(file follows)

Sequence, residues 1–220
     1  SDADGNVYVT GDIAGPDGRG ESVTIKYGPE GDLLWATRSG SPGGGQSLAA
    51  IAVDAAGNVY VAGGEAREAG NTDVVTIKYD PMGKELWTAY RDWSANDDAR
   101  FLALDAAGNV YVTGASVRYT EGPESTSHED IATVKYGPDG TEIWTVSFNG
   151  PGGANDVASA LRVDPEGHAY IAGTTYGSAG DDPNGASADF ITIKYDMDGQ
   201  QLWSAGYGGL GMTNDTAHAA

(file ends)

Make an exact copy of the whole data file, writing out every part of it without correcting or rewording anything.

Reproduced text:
Sequence, residues 1–220
     1  SDADGNVYVT GDIAGPDGRG ESVTIKYGPE GDLLWATRSG SPGGGQSLAA
    51  IAVDAAGNVY VAGGEAREAG NTDVVTIKYD PMGKELWTAY RDWSANDDAR
   101  FLALDAAGNV YVTGASVRYT EGPESTSHED IATVKYGPDG TEIWTVSFNG
   151  PGGANDVASA LRVDPEGHAY IAGTTYGSAG DDPNGASADF ITIKYDMDGQ
   201  QLWSAGYGGL GMTNDTAHAA